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The question of whether the condition known as Chronic Fatigue Syndrome (CFS) actually exists or not has long since been answered, but there are still many unanswered questions about what constitutes a true diagnosis of CFS. As more people become aware of the possibility that there may be an alternative to the conventional treatment methods for their illness, a greater number of doctors are beginning to recognize the potential in using a variety of alternative treatments, and a new set of criteria are being devised to help determine the exact diagnosis.
When someone first describes the symptoms associated with Chronic Fatigue Syndrome, also referred to as CFS, they will often describe a sense of tiredness, muscle weakness, and even loss of concentration. Often times those suffering from CFS have even more difficulty concentrating, and will even claim that they feel like they are falling into a coma. Many times those suffering from CFS will even claim that they can barely remember anything in the past, that their thoughts seem foggy, and that they are experiencing auditory and visual hallucinations.
A thorough review of any medical records, especially ones that have had a visit by a doctor, can often lead to the conclusion that the cause of the symptoms is in fact CFS, and the real problem is just having a poor immune system and not being able to fight off the disease. However, when the doctor does the proper research on the internet, they will find out that CFS does indeed exist, and that it has been proven that it actually can be treated and even cured.
Some doctors will go as far as diagnosing a person who is afflicted with MS as having CFS, but this is not a wise move to make. As more people become aware of the possibility that there may be an alternative to the traditional method of treatment for their illness, there will be a greater number of people who will begin to take an active interest in learning how to cure their own illnesses. Unfortunately, the symptoms of CFS are so severe that doctors may feel that their patients need to be kept in the hospital instead of able to properly recover and live a life without their disease.
Doctors and scientists have spent years researching the possible cure for MS, but they have never been able to come up with one. The only way that they feel that doctors can determine the exact cause of the disease is to use various tests and find out which ones are causing the problem, but because there are many different causes of the condition, the tests are often inconclusive.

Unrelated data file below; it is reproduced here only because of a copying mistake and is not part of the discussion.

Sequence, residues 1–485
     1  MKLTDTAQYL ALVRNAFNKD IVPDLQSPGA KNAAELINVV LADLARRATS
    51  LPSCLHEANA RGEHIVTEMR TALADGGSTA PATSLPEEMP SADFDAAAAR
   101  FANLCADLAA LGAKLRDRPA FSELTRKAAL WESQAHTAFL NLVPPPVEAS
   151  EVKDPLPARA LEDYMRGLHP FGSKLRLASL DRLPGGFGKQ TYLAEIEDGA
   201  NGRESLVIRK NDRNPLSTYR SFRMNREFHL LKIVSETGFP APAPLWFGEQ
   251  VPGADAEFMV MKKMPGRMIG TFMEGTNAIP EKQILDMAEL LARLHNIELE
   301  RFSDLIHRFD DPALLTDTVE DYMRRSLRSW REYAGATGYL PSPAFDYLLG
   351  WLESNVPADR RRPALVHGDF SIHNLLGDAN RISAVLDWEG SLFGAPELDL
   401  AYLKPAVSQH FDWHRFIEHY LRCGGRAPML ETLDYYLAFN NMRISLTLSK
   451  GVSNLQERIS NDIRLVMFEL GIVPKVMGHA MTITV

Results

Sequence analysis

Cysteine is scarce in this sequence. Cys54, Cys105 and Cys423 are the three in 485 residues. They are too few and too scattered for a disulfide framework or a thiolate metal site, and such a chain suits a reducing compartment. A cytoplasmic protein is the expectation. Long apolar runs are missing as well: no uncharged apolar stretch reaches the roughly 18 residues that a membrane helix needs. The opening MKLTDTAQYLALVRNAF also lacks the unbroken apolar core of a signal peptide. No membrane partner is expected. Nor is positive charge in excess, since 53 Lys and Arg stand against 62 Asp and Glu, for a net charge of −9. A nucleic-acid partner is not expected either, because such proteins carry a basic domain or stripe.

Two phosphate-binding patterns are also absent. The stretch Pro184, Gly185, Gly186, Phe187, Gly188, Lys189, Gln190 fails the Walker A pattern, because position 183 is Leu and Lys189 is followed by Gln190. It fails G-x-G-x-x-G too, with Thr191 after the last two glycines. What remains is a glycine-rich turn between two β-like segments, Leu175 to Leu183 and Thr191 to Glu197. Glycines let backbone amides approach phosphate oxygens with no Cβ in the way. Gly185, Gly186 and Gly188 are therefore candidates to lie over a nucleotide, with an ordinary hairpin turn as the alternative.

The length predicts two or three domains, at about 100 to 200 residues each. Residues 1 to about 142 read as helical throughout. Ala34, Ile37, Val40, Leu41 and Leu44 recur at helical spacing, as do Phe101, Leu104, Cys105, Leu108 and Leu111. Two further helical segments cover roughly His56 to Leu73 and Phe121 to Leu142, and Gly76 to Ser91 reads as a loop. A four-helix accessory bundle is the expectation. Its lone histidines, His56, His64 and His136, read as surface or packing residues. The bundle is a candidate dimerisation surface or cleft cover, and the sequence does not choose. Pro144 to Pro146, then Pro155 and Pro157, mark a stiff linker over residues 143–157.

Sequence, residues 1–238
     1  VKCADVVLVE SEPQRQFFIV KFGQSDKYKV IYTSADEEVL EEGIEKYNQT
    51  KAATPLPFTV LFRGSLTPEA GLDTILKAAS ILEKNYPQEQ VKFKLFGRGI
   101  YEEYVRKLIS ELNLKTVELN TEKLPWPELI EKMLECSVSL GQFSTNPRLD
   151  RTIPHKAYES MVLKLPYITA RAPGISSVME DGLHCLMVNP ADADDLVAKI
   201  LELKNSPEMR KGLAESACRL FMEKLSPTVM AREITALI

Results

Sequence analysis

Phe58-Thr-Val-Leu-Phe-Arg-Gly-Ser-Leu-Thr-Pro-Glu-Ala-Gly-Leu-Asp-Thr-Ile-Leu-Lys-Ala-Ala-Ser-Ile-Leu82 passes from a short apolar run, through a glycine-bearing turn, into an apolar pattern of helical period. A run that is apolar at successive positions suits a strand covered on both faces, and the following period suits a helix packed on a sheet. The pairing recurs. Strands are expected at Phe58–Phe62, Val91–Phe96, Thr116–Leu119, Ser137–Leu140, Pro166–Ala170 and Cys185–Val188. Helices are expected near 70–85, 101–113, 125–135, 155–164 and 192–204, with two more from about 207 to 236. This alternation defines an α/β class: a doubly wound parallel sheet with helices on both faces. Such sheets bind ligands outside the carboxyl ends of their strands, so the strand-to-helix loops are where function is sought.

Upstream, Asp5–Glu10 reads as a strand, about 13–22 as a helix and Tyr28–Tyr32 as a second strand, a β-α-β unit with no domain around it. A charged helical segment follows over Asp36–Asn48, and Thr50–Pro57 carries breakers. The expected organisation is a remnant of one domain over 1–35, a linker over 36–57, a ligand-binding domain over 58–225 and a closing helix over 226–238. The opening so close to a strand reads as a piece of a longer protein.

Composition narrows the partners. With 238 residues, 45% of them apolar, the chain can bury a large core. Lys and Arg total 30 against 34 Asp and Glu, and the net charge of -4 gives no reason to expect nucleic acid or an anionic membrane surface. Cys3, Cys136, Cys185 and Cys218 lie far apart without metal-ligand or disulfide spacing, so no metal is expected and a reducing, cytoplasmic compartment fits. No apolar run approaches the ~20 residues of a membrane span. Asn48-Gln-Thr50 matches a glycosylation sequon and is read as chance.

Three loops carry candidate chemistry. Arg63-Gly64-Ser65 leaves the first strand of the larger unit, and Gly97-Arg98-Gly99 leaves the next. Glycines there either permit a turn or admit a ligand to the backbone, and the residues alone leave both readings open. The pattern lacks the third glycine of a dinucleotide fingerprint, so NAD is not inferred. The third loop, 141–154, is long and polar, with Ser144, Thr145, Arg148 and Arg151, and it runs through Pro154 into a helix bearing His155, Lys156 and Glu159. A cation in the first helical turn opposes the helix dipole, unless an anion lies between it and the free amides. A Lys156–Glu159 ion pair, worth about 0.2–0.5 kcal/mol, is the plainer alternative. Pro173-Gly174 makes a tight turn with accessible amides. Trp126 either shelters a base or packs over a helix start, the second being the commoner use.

This is where criteria for determining the correct diagnosis of MS comes into play. For example, when a doctor performs a test such as a blood test, a blood panel, or an ECG, they will take blood samples from the patients to see if there are any abnormalities in the levels of calcium in the bloodstream. If the doctor discovers abnormally high levels of calcium in the bloodstream, they will use these readings as one of the criteria for determining the cause of CFS.
Another test that can be used to diagnose CFS is called the polysomnogram, which allows doctors to record the level of sleepiness or fatigue that a patient has gone through throughout the course of the day, their fatigue levels throughout the week, and any changes in their mood and appetite. Finally, the tests include the testing of the heart rate and oxygen saturation, as well as the amount of pain felt by the patient.
The last criterion for determining whether or not there is a true, conclusive diagnosis for CFS involves the actual study of the brainwave activity of the patient. Doctors can determine whether or not their brainwaves show any patterns that could indicate a loss of brain functioning due to the disease.